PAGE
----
To provide insights into personal branding during college years, we've gathered eight valuable strategies from business leaders, including business development managers and marketing managers. These strategies range from leveraging LinkedIn and social media to highlighting unique skills and qualities, providing a comprehensive guide on how to establish and promote your personal brand for career benefits.
- Leveraging LinkedIn and Social Media
- Building a Professional Network for Referrals
- Turning to Professors for Inspiration and Guidance
- Sharing and Engaging on Blogs and Social Platforms
- Showcasing Leadership in Student Organizations
- Attending Events and Networking
- Building Professional Relationships With Upperclassmen
- Highlighting Unique Skills and Qualities
Leveraging LinkedIn and Social Media
I meticulously crafted my LinkedIn profile, ensuring that it showcased my academic accomplishments and my involvement in various extracurricular activities and impactful internships.
This effort was complemented by my proactive approach to sharing industry insights, as I aimed to establish a reputation as a thought leader. In parallel, I orchestrated my social media content to drive traffic toward my portfolio website, where I display a collection of my standout projects and accolades.
Cultivating a clear and compelling personal brand allowed me to build meaningful connections with industry leaders and secure my role today. The dividends of my online efforts continue to unfold, opening doors to collaborative opportunities and propelling my career upward.
Building a Professional Network for Referrals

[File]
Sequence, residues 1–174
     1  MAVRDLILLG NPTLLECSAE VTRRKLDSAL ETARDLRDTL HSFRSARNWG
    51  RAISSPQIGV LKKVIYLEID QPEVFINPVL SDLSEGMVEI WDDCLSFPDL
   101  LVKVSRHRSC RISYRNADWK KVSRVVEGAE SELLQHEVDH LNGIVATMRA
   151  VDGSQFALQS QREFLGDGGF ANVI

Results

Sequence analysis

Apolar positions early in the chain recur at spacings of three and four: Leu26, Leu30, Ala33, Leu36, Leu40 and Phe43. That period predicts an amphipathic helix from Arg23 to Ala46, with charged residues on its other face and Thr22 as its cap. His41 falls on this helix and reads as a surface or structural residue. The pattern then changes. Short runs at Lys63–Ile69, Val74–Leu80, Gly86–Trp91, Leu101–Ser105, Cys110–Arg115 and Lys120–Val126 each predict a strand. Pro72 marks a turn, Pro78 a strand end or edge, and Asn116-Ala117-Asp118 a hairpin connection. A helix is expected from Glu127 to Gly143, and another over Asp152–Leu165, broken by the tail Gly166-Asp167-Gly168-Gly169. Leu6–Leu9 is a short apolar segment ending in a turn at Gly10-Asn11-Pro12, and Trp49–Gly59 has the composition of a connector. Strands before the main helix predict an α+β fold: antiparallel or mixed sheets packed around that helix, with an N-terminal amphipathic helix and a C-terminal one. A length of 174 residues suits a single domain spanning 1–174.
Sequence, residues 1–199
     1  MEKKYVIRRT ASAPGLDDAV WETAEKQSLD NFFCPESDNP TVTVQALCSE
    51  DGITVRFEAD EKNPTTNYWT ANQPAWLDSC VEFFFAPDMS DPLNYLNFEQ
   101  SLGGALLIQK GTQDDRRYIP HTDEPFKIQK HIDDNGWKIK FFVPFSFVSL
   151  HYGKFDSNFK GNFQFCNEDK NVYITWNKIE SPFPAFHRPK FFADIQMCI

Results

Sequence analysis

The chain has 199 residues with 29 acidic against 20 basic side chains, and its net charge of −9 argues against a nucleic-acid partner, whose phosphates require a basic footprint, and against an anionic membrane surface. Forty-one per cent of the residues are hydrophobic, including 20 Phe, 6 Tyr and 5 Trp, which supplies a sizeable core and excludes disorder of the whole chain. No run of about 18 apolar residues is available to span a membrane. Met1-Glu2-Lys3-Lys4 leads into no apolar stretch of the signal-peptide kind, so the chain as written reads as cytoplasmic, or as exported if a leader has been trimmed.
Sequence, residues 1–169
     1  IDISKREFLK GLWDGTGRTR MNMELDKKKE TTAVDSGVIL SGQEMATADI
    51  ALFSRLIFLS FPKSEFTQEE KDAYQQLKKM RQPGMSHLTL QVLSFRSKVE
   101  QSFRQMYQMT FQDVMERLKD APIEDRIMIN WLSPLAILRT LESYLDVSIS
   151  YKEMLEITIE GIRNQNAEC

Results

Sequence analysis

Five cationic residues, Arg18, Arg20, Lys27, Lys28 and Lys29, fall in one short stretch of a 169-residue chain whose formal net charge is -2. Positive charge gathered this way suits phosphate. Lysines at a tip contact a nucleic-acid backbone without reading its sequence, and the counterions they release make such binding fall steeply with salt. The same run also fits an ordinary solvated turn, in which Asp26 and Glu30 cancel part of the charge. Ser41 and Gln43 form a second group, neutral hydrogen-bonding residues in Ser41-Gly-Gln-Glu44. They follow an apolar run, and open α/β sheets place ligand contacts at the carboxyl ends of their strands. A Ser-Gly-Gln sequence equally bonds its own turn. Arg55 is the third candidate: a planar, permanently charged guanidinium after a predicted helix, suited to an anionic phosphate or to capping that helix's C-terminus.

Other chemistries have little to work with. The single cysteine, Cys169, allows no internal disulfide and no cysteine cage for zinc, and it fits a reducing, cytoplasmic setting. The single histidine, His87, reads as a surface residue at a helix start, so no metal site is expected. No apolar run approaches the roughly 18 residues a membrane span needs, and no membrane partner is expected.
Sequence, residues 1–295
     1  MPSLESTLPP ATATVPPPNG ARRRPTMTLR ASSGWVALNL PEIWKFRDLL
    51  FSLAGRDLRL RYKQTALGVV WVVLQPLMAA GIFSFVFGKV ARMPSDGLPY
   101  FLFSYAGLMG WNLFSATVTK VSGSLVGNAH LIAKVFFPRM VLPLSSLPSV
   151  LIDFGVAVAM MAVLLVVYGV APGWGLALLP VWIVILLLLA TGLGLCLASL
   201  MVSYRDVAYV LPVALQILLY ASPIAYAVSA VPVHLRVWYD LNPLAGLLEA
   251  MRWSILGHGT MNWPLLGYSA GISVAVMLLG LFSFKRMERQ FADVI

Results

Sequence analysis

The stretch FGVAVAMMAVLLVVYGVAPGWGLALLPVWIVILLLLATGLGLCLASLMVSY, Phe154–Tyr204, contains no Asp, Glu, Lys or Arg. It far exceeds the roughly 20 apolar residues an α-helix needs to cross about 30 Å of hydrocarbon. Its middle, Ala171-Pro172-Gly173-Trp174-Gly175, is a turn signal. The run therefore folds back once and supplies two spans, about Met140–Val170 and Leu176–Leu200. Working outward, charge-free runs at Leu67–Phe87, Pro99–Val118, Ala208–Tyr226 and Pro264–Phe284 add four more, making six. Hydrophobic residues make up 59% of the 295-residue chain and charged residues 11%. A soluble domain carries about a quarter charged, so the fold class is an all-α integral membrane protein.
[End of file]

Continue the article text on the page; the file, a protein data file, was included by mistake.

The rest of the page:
During my college years, I took to LinkedIn to build my professional network, keep in touch with new contacts, and, unknowingly, set the stage for my future endeavors.
After college, I started a boutique social media marketing agency called Scott Social and have seen almost 75% of our clients come from referrals. In the first couple of years, many of those referrals directly resulted from those I met during college—classmates, professors, club leaders, local business owners, and everyone in between.
The phrase, "Your network is your net worth," is entirely overused, yet that simple statement carries a lot of weight. You're building a powerful community as we speak, so make sure that you're keeping them close!
Turning to Professors for Inspiration and Guidance
I met with all the professors I could in my area of study to see what their interests, ideas, and passions were. Then I incorporated as much of what I could into my personal brand. One professor made his name as a hardware and servers whiz—I learned as much as I could from him in establishing my own business. Branding is difficult when you're just coming into your own as an adult. Look to the people who are where you want to be for guidance.
Sharing and Engaging on Blogs and Social Platforms
During my college years, I adopted a simple yet effective approach to establishing my personal brand: sharing and engaging. Whenever I learned something new or found a subject intriguing, I'd share it on platforms like LinkedIn or personal blogs.